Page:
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Article:John Brown (abolitionist)
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Historians agree John Brown played a major role in the start of the Civil War. David Potter (1976) said the emotional effect of Brown's raid was greater than the philosophical effect of the Lincoln-Douglas debates, and that his raid revealed a deep division between North and South.<ref>David Potter, ''The Impending Crisis,'' pages 356–384</ref> Brown's actions prior to the Civil War as an abolitionist, and the tactics he chose, still make him a controversial figure today. He is sometimes memorialized as a heroic martyr and a visionary and sometimes vilified as a madman and a terrorist. Some writers, such as Bruce Olds, describe him as a monomaniacal zealot, others, such as [[Stephen B. Oates]], regard him as "one of the most perceptive human beings of his generation." [[David S. Reynolds]] hails the man who "killed slavery, sparked the civil war, and seeded civil rights" and Richard Owen Boyer emphasizes that Brown was "an American who gave his life that millions of other Americans might be free." For Ken Chowder he is "at certain times, a great man", but also "the father of American terrorism."<ref>David S. Reynolds, ''John Brown, Abolitionist: The Man Who Killed Slavery, Sparked the Civil War, and Seeded Civil Rights'' (2005); Ken Chowder, "The Father of American Terrorism." ''American Heritage'' (2000) 51(1): 81+ online at [http://www.americanheritage.com/articles/magazine/ah/2000/1/2000_1_81.shtml] and Stephen Oates quoted at [http://www.nps.gov/archive/hafe/jbrown/oates-text.htm]</ref> The song "[[John Brown's Body]]" became a [[Union (American Civil War)|Union]] marching song during the Civil War.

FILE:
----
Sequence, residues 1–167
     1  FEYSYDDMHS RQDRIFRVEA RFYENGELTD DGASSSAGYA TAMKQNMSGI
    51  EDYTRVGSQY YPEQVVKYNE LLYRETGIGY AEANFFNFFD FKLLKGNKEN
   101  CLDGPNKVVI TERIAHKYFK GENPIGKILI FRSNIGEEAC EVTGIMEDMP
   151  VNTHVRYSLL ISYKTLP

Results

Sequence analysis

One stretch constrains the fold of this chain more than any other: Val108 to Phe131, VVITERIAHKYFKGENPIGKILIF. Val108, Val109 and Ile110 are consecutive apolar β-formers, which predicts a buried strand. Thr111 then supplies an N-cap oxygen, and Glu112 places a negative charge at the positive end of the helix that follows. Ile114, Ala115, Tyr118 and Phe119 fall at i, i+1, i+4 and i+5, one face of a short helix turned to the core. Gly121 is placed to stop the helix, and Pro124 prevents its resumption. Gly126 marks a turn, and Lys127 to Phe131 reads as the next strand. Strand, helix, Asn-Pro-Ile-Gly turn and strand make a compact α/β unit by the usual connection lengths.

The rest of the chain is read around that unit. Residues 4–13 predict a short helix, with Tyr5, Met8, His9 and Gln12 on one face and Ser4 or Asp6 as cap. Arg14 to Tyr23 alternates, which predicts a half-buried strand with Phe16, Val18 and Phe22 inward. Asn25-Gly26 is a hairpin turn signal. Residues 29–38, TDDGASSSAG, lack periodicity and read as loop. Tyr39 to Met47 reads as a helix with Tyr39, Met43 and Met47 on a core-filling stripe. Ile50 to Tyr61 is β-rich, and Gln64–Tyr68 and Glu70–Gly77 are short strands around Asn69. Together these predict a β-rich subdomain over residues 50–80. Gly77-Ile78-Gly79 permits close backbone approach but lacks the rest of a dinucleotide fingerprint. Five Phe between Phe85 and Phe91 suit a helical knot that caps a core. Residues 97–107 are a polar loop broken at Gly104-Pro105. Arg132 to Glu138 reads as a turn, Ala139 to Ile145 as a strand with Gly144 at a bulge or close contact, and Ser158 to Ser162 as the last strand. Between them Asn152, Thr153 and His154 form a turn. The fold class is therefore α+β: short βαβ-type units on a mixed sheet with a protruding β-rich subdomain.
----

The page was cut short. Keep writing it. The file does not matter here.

Historians agree John Brown played a major role in the start of the Civil War. David Potter (1976) said the emotional effect of Brown's raid was greater than the philosophical effect of the Lincoln-Douglas debates, and that his raid revealed a deep division between North and South.<ref>David Potter, ''The Impending Crisis,'' pages 356–384</ref> Brown's actions prior to the Civil War as an abolitionist, and the tactics he chose, still make him a controversial figure today. He is sometimes memorialized as a heroic martyr and a visionary and sometimes vilified as a madman and a terrorist. Some writers, such as Bruce Olds, describe him as a monomaniacal zealot, others, such as [[Stephen B. Oates]], regard him as "one of the most perceptive human beings of his generation." [[David S. Reynolds]] hails the man who "killed slavery, sparked the civil war, and seeded civil rights" and Richard Owen Boyer emphasizes that Brown was "an American who gave his life that millions of other Americans might be free." For Ken Chowder he is "at certain times, a great man", but also "the father of American terrorism."<ref>David S. Reynolds, ''John Brown, Abolitionist: The Man Who Killed Slavery, Sparked the Civil War, and Seeded Civil Rights'' (2005); Ken Chowder, "The Father of American Terrorism." ''American Heritage'' (2000) 51(1): 81+ online at [http://www.americanheritage.com/articles/magazine/ah/2000/1/2000_1_81.shtml] and Stephen Oates quoted at [http://www.nps.gov/archive/hafe/jbrown/oates-text.htm]</ref> The song "[[John Brown's Body]]" became a [[Union (American Civil War)|Union]] marching song during the Civil War.